Climate change turning Antarctica snow greenDate: 21 May 2020 Tags: Climate Change
Warming temperatures due to climate change are helping the formation and spread of "green snow" and it is becoming so prolific in places that it is even visible from space, according to new research.
While the presence of algae in Antarctica was noted by long-ago expeditions, such as the one undertaken by British explorer Ernest Shackleton, its full extent was unknown.
Using data collected over two years by the European Space Agency's Sentinel 2 satellite, together with on-the-ground observations, a research team has created the first map of the algae blooms on the Antarctic Peninsula coast.
The result is the first large-scale algae map of the peninsular, which will be used as a baseline to assess the speed at which the white continent is turning green due to the climate crisis and potentially offering sustenance to other species.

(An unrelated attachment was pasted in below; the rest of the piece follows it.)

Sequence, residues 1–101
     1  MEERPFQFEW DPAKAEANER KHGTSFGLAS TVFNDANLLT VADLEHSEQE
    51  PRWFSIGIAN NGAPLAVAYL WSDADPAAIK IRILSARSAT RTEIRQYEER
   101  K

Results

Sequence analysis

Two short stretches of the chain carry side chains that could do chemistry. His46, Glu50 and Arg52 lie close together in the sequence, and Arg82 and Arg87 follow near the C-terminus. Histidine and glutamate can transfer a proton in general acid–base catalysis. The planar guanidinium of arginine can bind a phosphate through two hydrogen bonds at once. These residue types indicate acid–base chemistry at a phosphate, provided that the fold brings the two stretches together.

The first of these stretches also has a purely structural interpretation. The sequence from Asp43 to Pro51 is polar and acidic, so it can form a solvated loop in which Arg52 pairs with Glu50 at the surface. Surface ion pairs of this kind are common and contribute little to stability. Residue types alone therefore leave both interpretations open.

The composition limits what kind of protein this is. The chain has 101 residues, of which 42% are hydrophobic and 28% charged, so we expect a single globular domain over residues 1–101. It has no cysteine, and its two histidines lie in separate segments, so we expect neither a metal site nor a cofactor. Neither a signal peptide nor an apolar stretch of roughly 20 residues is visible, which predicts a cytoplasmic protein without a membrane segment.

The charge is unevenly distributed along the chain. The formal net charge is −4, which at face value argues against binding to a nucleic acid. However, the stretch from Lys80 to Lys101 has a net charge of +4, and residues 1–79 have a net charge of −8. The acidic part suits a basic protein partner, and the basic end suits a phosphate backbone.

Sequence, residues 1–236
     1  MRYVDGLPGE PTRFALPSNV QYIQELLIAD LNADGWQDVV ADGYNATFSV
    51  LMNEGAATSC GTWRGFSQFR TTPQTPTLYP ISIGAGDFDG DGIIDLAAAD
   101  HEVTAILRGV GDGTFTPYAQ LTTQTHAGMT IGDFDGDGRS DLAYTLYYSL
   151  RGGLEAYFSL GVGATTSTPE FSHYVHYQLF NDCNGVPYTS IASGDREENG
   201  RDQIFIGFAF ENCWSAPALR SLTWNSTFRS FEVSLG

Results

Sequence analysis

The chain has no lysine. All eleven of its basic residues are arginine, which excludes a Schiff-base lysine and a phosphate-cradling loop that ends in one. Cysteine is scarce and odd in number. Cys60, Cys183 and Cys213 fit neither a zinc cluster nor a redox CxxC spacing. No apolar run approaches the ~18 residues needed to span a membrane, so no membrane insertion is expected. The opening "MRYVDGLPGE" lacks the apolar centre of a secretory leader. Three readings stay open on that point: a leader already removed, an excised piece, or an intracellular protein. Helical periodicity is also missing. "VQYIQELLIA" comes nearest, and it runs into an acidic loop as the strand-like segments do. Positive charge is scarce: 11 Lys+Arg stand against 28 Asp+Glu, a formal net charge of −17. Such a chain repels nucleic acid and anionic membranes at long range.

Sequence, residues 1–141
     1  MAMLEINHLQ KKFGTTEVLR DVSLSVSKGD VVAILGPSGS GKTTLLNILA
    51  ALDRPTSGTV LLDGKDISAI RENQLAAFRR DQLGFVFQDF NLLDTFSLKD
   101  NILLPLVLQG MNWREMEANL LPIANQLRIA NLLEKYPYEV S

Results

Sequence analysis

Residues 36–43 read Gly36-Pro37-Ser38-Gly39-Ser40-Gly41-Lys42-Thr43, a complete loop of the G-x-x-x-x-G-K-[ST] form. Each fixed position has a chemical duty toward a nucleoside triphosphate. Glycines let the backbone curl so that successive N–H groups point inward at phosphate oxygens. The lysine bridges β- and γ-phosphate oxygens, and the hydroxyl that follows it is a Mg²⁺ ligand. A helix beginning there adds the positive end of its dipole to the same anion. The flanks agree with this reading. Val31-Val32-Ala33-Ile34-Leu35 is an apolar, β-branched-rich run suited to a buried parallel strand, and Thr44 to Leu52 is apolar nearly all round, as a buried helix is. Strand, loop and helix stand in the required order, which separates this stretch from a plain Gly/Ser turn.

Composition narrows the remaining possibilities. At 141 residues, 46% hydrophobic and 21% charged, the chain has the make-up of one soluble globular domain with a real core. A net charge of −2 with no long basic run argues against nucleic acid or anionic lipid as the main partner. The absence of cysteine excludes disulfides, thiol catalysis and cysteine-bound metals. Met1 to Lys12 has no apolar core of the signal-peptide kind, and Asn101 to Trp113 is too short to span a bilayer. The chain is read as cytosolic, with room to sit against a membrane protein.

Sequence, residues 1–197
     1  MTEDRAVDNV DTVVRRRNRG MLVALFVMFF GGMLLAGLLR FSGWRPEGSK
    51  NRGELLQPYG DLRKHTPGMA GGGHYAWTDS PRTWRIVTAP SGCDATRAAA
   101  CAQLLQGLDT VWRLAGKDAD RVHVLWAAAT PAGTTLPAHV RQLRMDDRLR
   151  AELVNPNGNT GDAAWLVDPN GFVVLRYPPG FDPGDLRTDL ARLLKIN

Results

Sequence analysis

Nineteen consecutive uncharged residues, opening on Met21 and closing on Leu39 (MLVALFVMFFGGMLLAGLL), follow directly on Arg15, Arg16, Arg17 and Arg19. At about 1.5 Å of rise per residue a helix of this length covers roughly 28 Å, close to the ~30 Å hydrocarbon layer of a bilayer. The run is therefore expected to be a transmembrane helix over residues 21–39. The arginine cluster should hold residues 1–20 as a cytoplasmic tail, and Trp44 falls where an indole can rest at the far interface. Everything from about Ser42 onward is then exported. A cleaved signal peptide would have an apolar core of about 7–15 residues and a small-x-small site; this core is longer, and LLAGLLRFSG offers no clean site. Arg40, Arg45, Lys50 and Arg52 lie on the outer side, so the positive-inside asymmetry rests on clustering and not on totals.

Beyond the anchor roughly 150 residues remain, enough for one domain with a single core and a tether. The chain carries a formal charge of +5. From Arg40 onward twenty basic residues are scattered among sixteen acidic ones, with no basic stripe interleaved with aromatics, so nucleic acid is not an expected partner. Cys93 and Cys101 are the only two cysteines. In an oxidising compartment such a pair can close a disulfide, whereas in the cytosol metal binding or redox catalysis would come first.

Mosses and lichens are considered the dominant photosynthetic organisms in Antarctica, but the new mapping found 1,679 separate algal blooms that are a key component in the continent's ability to capture carbon dioxide from the atmosphere.
In some areas, the single-cell life-forms are so dense they turn the snow bright green and can be seen from space.
Almost two-thirds of the green algal blooms were found on small, low-lying islands around the peninsula, which has experienced some of the most intense heating in the world, with new temperature records being set this summer.
Green is not the only splash of colour in Antarctica. Researchers are now planning similar studies on red and orange algae, although that is proving harder to map from space.